Wall Street’s losses worsened as markets faltered around the world

Stan Choi and Alex Vega, The Associated Press

Date: May 9, 2022 5:34 PM EST

NEW YORK (AP) – Stocks took further losses on Wall Street on Monday, leaving the S&P 500 index at its lowest point in more than a year.

The sell-off came as renewed concerns about the Chinese economy piled up on top of global financial markets already hit by rising interest rates.

The S&P 500 fell 3.2%, deepening its losses after five consecutive weeks of decline, the longest streak of its kind in more than a decade.

The Dow Jones Industrial Average is down 2% and the Nasdaq Index is down 4.3% as tech-oriented stocks once again took a beating. Monday’s sharp drop sent the S&P 500 Index, Wall Street’s main gauge of health, down 16.8% from its record high earlier this year.

Wall Street’s decline came on the heels of the global swoon in the markets. Not only did stocks fall across Europe and much of Asia, but so did everything from crude oil in the old economy to bitcoin in the new economy. Bond yields and the price of gold also fell.

Among US stocks, the energy sector, which has been the star performer in recent weeks, was responsible for some of the biggest declines with lower oil and gas prices. Marathon Oil and APA Corp sank more than 14%.

“Basically, investors are finding it very difficult to find a place to hide,” said Sam Stovall, chief investment analyst at CFRA. “Traditional safe havens, like defensive sectors or like bonds, are not doing well. Commodities are not doing well.”

The S&P 500 fell 132.10 to 3,991.24. The Dow Jones fell 653.67 points to 32,245.70 points. The Nasdaq fell 521.41 points to 11,623.25.

Shares of smaller companies also fell broadly. The Russell 2000 Index lost 77.48 points, or 4.2%, to 1762.08 points.

Most of the damage this year has been from the Federal Reserve’s aggressive reversal away from doing all it can to support financial markets and the economy. The central bank has already pulled its key short-term rate off its record low near zero, sitting with almost all of the pandemic. Last week, he signaled additional increases of twice the usual amount that may arrive in the coming months, hoping to stem the high inflation gripping the economy.

Moves by design will slow the economy by making it more expensive to borrow. The risk is that the Fed could cause a recession if it raises interest rates too much or too fast. Meanwhile, high rates discourage investors from paying very high prices for investments, because investors can get a better return from owning ultra-secure Treasuries than they could have just a few weeks ago.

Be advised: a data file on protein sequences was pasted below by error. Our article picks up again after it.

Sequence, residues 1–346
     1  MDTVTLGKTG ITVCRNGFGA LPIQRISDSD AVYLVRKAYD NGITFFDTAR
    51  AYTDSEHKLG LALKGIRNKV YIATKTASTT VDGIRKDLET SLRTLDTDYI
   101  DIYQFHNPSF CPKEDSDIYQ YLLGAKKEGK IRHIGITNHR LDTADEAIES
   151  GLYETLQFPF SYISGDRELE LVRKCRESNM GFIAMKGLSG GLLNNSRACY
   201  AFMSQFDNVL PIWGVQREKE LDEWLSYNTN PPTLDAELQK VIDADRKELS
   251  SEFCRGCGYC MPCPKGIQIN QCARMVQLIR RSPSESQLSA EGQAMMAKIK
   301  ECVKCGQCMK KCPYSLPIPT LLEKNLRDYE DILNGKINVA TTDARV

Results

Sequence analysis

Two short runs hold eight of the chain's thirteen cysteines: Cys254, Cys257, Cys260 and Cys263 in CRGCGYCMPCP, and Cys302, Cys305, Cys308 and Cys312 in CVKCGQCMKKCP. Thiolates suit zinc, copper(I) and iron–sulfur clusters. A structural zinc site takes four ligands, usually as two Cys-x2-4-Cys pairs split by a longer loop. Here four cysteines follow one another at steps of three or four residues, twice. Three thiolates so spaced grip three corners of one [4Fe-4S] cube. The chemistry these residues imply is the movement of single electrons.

This has helped a nearly 29% drop in bitcoin since the beginning of April, for example. It fell 9.7% on Monday, according to Coindesk.

Concerns about the world’s second largest economy added to the gloom on Monday. Analysts cited comments made over the weekend by a Chinese official warning of a dangerous job situation, as the country hopes to stem the spread of COVID-19.

Authorities in Shanghai have tightened restrictions again, amid citizens’ complaints that they are endless, just as the city was emerging from a month of strict lockdown following the outbreak.

The fear is that China’s tough anti-COVID policies will add more disruption to global trade and supply chains, while putting pressure on its economy, which for years has been a major driver of global growth.

In the past, Wall Street has experienced similar pressures due to the strong earnings growth that the companies have been producing.

But the latest earnings-reporting season for large US companies has been less enthusiastic. Companies generally report greater earnings than expected, as is usually the case. But disappointing indications of future growth were plentiful.

Strategist Savita Subramanian wrote in a BofA Global Research report that the number of companies citing “weak demand” in their conference calls after earnings reports jumped to the highest level since the second quarter of 2020. She said technology earnings are also lagging.

The technology segment is the largest in the S&P 500 by market capitalization, which gives it additional weight to market moves. Many tech-oriented companies have seen profits boom during the pandemic as people search for new ways to work and entertain themselves while confined to the home. But the slowdown in earnings growth leaves their shares vulnerable after their prices rose sharply amid expectations of continued gains.

The high interest rates designed by the Federal Reserve are also hitting tech stocks hard because they are seen as some of the most expensive in the market. The Nasdaq Composite’s 25.7% loss for 2022 so far is more severe than that of the other indices.

Electric car maker Rivian Automotive fell 20.9% Monday as restrictions that prevented some large investors from selling their shares after they debuted on the stock market six months ago expired. The company has lost more than three-quarters of its value this year so far.

The yield on 10-year Treasuries rose to its highest level since 2018 with rising inflation and Fed action expectations. It was moderate on Monday, falling to 3.03% from 3.12% late Friday. But it’s still more than double where it started the year.

Oil prices fell, which negatively affected energy stocks. The price of US benchmark crude fell 6.1 percent to settle at $103.09 a barrel, although it is still up about 40 percent this year. International benchmark Brent crude fell 5.7 percent to settle at $105.94 a barrel.

Business writer Yuri Kageyama contributed to the AP. Veiga reported from Los Angeles.

2022-05-09 21:34:21

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